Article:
The religious leaders suffered greatly from a lack of humility.  In fact, they looked down on those that they should have been helping out.  In this moment, they likely thought they would use this man with a disability to work against Jesus!  However, Jesus could tell what was going on and would use this man to teach them the same lesson again.

Jesus had the man stand up for the people to see (Luke 6:8).  Jesus then asked the religious leaders, “Is it lawful on the Sabbath to do good or to do evil, to save life or to destroy (Luke 6:9)?”  The religious leader’s point was that no labor should have been done on Sabbath.  The point that Jesus was asking was if it was a bad thing to help those that needed help on Sabbath.

Again, in Exodus 31:12-18, the Lord reiterated that no labor should be done on the Sabbath.  The day was supposed to be holy to the children of Israel.  What Jesus’ question poses is how could it be considered hard labor to help those in need of help?  To go back to the disciples in the grainfield, Jesus essentially asked the religious leaders, “should My disciples starve?”  

Did the religious leaders really expect for Jesus not to heal someone that came to Him?  I believe they knew Jesus would heal the man, but this would be another feather in the cap they could use against Jesus.  The reason why the religious leaders despised Jesus so much came down to power and authority.  In their minds, Jesus was taking away their power and authority which is why they despised Him.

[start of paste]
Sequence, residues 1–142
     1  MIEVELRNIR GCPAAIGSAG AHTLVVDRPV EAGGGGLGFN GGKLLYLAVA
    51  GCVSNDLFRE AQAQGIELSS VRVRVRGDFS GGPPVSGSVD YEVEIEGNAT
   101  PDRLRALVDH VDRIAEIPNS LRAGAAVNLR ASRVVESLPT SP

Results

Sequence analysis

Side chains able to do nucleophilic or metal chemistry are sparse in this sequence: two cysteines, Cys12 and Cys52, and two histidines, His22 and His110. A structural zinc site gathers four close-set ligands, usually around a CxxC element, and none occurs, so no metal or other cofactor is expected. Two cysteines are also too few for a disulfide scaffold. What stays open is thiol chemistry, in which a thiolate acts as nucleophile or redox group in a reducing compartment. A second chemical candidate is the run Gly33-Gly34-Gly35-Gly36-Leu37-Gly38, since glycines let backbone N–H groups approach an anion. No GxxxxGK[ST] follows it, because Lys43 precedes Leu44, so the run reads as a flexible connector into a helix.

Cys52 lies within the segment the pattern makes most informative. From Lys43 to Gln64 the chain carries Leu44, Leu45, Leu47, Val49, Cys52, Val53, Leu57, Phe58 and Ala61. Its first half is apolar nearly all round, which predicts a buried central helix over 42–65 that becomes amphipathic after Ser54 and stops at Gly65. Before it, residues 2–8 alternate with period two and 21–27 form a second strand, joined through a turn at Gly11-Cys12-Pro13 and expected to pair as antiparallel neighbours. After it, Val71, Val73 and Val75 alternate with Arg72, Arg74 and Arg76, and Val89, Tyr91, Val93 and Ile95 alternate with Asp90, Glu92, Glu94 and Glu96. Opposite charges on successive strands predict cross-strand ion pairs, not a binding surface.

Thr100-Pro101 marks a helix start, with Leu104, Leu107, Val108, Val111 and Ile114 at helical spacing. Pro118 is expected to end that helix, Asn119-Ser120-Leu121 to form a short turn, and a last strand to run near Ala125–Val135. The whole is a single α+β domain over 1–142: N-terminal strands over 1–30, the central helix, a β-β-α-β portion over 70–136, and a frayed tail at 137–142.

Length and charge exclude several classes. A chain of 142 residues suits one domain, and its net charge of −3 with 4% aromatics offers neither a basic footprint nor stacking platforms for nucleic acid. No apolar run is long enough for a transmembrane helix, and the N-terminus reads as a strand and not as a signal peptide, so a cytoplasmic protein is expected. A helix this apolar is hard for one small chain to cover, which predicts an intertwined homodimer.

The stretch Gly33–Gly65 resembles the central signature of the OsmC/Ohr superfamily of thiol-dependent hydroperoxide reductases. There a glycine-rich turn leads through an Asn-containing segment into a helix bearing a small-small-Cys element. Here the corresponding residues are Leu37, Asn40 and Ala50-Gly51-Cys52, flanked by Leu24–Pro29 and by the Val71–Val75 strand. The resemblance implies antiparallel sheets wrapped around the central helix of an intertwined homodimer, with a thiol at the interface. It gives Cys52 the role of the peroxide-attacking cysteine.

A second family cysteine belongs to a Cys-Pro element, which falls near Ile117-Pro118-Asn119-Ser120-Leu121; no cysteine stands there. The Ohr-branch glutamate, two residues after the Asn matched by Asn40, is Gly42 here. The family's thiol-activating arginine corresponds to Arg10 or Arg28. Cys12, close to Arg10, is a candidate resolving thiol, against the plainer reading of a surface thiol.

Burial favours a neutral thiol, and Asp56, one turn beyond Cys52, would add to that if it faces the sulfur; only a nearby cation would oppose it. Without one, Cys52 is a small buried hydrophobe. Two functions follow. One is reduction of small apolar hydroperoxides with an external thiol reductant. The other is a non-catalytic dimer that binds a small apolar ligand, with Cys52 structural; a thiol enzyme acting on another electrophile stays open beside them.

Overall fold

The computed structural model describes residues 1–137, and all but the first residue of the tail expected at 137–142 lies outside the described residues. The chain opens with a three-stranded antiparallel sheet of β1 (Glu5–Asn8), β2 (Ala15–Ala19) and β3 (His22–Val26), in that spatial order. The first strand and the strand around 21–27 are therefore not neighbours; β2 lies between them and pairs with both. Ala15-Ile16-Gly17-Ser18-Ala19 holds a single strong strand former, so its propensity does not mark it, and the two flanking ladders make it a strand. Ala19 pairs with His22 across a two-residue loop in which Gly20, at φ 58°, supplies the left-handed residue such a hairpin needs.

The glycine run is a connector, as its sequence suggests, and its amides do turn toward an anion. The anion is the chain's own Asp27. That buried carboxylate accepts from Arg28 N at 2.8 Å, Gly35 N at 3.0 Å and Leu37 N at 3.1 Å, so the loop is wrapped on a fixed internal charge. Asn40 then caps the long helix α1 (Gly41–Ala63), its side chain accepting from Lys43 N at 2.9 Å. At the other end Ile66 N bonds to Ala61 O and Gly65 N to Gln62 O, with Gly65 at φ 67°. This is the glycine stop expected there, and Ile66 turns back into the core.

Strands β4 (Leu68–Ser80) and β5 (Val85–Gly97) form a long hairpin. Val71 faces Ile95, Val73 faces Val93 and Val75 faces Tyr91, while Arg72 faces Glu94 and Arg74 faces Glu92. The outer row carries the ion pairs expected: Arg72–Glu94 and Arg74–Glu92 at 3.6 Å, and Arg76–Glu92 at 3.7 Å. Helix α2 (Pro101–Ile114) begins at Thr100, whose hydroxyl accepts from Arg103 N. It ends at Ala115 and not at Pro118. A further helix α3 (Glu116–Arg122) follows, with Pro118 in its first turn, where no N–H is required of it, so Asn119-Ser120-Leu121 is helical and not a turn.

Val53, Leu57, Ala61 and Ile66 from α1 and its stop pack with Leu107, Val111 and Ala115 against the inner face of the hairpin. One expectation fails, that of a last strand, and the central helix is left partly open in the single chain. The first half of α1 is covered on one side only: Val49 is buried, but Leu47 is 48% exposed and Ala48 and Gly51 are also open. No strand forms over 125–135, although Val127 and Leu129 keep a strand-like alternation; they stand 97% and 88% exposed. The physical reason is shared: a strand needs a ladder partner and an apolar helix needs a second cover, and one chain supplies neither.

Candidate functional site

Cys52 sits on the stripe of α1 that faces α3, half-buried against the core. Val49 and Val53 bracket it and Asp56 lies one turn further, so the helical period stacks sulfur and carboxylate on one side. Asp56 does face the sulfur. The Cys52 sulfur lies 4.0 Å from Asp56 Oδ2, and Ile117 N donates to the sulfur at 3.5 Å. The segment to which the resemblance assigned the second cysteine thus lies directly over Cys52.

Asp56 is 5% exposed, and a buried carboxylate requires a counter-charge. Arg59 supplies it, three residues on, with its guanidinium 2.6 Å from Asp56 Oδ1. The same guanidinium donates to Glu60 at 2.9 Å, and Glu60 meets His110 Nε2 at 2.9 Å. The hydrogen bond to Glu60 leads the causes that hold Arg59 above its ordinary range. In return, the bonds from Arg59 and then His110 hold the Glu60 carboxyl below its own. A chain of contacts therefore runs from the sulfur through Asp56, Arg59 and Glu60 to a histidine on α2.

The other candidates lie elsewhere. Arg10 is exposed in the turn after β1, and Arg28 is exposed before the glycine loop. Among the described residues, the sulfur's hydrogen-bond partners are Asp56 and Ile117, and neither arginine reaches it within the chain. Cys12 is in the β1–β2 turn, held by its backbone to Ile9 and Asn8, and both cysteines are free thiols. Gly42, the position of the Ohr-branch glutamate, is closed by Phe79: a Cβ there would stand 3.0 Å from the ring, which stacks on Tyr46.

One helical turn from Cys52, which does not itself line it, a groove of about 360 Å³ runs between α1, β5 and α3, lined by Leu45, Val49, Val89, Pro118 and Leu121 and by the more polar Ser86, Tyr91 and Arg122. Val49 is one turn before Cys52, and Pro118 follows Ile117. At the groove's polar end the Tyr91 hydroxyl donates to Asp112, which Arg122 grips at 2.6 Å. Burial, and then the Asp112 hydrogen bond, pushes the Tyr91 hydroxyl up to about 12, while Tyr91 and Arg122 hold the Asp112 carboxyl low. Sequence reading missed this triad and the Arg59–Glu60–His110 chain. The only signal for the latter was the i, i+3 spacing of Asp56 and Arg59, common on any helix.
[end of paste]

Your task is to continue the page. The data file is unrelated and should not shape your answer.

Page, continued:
Consider what it was they were despising about Jesus for a moment.  They despised Jesus for healing the sick, making the lame again, and giving sight to the blind.  Yeah, very strange that a man doing good work caused them to be so angry!  To show His authority once again, Jesus had the man stretch out His hand and He healed him (Luke 6:10).  This, again, angered the religious leaders as they began to plan what they would do to Jesus.